Sen. Dianne Feinstein (D-Calif.) will introduce a bill banning assault weapons and high-capacity ammunition clips on Thursday.
Feinstein's bill will expand the criteria for classifying military-style assault weapons from a 1994 law, which lapsed a decade later. Her new measure will ban the sale of about 150 types of firearms, including some rifles and handguns, as well as the sale of high-capacity magazines, according to USA Today.
The bill will exempt firearms used for hunting and will grandfather in guns and magazines owned before the law's potential enactment. However, the grandfathered weapons will be logged in a national registry.
The measure is expected to face a tough fight in the Senate, with many GOP lawmakers and the nation's gun lobby vowing to oppose any new restrictions on gun ownership.
But Feinstein, a longtime proponent of gun reform, said she is ready to push her measure in the face of opposition from the National Rifle Association (NRA).
"I have worked on this for a long time," said Feinstein in an interview with USA Today. "I'm not a newcomer or a novice to guns.
"The NRA sort of specialized in trying to denigrate me, but I don't think there's anyone around that's spent 20 years on this subject, plus some," she added.
Calls to renew the federal assault-weapons ban, which expired in 2004, have grown after last month's mass shooting at an elementary school in Newtown, Conn.
President Obama has been urging congressional leaders to pass legislation aimed at reducing gun violence, vowing "to use whatever weight this office holds" to make the new rules a reality.
Last week he unveiled a package of executive actions and called on lawmakers to pass measures instituting universal background checks to keep firearms out of the hands of criminals and the mentally ill, and bans on sales of assault weapons and high-capacity clips.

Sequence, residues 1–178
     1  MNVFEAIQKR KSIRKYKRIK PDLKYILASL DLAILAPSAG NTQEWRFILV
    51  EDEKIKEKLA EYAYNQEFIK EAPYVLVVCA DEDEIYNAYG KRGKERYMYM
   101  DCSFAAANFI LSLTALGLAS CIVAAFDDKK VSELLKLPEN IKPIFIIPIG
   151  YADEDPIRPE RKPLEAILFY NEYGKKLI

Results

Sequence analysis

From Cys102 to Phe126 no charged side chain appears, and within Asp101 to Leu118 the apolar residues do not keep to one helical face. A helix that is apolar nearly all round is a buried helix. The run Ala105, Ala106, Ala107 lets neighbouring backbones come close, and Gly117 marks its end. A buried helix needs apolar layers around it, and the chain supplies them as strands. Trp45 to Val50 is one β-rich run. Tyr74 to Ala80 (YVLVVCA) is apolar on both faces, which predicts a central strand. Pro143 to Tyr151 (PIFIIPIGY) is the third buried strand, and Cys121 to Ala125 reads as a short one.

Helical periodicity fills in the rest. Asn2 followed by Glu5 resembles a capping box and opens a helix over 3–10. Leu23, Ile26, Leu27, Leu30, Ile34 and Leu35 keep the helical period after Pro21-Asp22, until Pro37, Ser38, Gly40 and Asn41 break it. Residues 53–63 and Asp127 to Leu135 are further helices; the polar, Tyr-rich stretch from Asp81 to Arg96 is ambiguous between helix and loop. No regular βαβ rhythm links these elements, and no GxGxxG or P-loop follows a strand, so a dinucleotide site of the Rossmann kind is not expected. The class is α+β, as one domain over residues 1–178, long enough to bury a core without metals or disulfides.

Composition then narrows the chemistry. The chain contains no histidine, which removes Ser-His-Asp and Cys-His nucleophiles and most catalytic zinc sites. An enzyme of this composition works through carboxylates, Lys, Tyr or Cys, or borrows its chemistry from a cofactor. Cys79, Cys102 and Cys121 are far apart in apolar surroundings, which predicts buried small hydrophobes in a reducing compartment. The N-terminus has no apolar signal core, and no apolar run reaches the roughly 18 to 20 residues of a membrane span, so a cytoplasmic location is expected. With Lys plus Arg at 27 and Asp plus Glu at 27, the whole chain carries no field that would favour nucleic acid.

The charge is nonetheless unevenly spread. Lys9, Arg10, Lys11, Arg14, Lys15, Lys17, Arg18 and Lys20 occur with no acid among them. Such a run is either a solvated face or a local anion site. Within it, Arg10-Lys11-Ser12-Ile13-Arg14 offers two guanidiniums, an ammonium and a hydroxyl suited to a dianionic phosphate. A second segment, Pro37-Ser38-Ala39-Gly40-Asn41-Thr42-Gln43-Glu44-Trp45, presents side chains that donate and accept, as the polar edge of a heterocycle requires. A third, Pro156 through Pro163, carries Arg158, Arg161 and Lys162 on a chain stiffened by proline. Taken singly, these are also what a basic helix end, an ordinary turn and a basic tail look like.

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Vice President Biden and other White House officials will travel to Richmond, Va., on Friday to campaign for Obama's plan to reduce gun violence. Biden headed the administration's gun-violence task force, spending much of the last month meeting with stakeholders, ranging from the entertainment industry and sportsmen's groups to gun-rights proponents, including the NRA.
Feinstein's bill and Obama's push will likely place Senate Majority Leader Harry Reid (D-Nev.) in a difficult position. While the White House and Feinstein would like a comprehensive gun-reform bill, Reid has said that he opposes banning assault weapons, which would be unlikely to pass the House.
The majority leader has instead said he is open to moving on individual aspects of the president's package that could find bipartisan support
On Tuesday, Reid said he would hold an open-amendment vote on any Senate gun bill that moves through the Judiciary Committee, a move that would increase such a bill's chances of passing but would likely limit the scope of any gun-reform measures.
Judiciary Chairman Patrick Leahy (D-Vt.) is slated to hold the Senate's first hearings on gun violence next week.
Leahy has said that he would like to focus his efforts on gun reform on strengthening the nation's criminal background check system and on banning sales of high-capacity ammunition magazines.